Saturday, 20 July 2013

Where is Helen Palmer Geisel?

This photo in Wikipedia is not Helen Palmer Geisel. It is Audrey Stone Dimond Geisel, the second wife.

The on-line dictionary has got it very wrong, as do many others.

When one Googles Helen Palmer Geisel and sees the row of five photos, all but one are of  Audrey Stone Dimond, the woman who ruined Helen Palmer's forty-year marriage and her life.

How egregious a mistake to make.

Why does it appear that Helen Palmer has been buried further underground than her suicide merited?
And why has no one noticed this and corrected it until now?
(I have contacted Wikipedia and reported the error.)

Absolutely disgraceful.

  1. Helen Palmer Geisel
  2. Helen Palmer Geisel was an American children's author. She was married to fellow author Theodor Seuss Geisel, better known as Dr. Seuss, from 1927 until her death. Wikipedia

Why is Helen Palmer Geisel's most recognized book, Do You Know What I'm Going To Do Next Saturday, which was noted as one of the best juvenile books of 1963, not mentioned here?

For insight into the multi-millionaire widow, Audrey, please read the article below. In another article, she saw herself as "the safety net under San Diego."

Here is something published in OMG Facts as the world awakens to the shabby treatment of Helen Palmer Geisel.

Dr. Seuss cheated on his wife while she was sick with cancer for 13 years. She committed suicide because of his infidelity, and he later married his mistress.

Probably not the most uplifting story for one of the most beloved children’s book authors of all time, but there it is. Seuss’ wife, Helen Palmer Geisel, suffered from a long series of illnesses including cancer over a period of 13 years. Eventually, Helen learned of her husband’s adulterous relationship with another woman. Given that and the constant illnesses she suffered, Helen decided to commit suicide through an overdose of barbiturates.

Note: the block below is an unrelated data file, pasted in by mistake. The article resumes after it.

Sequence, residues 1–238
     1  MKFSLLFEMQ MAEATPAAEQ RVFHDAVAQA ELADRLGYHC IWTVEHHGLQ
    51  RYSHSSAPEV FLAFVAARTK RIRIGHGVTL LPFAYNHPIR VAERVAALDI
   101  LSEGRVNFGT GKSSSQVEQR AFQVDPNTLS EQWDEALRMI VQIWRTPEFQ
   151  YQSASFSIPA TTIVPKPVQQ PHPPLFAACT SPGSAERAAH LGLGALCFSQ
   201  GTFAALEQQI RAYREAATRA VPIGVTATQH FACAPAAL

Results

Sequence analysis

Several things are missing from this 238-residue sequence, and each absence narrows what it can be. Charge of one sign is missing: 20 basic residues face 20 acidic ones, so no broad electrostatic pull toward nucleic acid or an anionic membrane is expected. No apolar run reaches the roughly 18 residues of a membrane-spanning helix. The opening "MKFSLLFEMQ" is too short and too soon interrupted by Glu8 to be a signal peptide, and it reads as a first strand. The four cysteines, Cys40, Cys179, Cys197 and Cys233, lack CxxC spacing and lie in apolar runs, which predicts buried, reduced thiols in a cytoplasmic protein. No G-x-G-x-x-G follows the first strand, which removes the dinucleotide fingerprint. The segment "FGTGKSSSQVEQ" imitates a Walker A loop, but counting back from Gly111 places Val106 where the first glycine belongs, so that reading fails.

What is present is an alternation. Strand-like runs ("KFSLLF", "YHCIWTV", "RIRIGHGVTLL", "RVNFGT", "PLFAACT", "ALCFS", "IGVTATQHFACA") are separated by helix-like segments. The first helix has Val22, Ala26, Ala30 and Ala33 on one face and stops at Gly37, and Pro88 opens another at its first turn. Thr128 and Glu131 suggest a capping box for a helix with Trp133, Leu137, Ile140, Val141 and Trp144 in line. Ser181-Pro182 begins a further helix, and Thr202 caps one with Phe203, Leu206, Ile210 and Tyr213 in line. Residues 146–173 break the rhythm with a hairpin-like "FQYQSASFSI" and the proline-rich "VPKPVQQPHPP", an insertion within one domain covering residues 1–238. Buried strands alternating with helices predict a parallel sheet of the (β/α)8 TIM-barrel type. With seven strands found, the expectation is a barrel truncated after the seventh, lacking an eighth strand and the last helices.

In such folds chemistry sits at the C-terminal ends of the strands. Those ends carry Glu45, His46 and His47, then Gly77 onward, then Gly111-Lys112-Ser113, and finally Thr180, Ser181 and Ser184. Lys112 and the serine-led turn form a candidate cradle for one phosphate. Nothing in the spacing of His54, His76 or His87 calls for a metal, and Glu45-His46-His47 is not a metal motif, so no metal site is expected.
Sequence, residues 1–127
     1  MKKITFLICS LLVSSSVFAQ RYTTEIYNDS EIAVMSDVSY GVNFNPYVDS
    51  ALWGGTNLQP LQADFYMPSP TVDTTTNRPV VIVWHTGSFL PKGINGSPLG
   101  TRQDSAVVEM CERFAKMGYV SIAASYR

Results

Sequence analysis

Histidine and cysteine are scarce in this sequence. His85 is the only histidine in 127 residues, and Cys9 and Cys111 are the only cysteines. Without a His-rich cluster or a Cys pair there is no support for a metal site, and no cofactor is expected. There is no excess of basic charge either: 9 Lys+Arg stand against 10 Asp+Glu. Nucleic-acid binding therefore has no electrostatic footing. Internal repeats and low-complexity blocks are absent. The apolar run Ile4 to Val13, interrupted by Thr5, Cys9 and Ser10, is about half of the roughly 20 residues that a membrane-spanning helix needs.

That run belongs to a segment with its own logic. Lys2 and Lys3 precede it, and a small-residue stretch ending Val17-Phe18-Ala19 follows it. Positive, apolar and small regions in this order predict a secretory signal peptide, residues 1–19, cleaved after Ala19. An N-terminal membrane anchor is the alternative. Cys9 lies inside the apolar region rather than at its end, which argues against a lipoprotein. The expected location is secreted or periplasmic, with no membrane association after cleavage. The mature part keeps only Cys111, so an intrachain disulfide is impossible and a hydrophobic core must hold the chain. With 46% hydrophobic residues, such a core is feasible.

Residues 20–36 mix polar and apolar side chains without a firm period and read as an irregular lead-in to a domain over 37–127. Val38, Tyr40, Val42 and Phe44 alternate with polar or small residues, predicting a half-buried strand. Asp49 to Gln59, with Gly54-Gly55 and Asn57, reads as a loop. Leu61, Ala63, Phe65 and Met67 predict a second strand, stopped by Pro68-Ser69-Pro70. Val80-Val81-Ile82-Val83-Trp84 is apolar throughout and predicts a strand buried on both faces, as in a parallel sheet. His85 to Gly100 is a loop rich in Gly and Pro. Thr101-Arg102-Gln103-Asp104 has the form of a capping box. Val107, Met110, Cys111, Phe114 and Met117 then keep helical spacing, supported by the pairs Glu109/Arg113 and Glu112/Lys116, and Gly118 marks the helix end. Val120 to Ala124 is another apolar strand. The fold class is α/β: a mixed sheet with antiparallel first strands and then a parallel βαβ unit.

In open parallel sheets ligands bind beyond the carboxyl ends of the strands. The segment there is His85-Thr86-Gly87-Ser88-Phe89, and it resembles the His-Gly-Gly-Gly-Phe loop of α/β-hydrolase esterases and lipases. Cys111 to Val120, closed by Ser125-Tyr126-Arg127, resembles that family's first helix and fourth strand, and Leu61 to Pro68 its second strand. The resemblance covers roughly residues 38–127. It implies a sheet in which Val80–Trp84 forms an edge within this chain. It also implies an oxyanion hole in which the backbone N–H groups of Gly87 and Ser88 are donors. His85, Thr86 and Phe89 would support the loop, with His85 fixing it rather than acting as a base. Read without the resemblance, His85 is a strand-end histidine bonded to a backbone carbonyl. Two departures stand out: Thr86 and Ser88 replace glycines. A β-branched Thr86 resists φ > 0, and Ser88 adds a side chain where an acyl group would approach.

She wrote a suicide note to Seuss that said “Dear Ted, what has happened to us? I don't know. I feel myself in a spiral, going down down down, into a black hole from which there is no escape, no brightness. And loud in my ears from every side I hear, 'failure, failure, failure... I love you so much ... I am too old and enmeshed in everything you do and are, that I cannot conceive of life without you ... My going will leave quite a rumor but you can say I was overworked and overwrought. Your reputation with your friends and fans will not be harmed ... Sometimes think of the fun we had all thru the years ..."
Dr. Seuss was very distraught at his wife’s suicide in 1967, but he later married the woman he had been cheating on his wife with only one year later!

Read more at 

Correction here. Ted Geisel married Audrey Stone Dimond eight months after Helen died.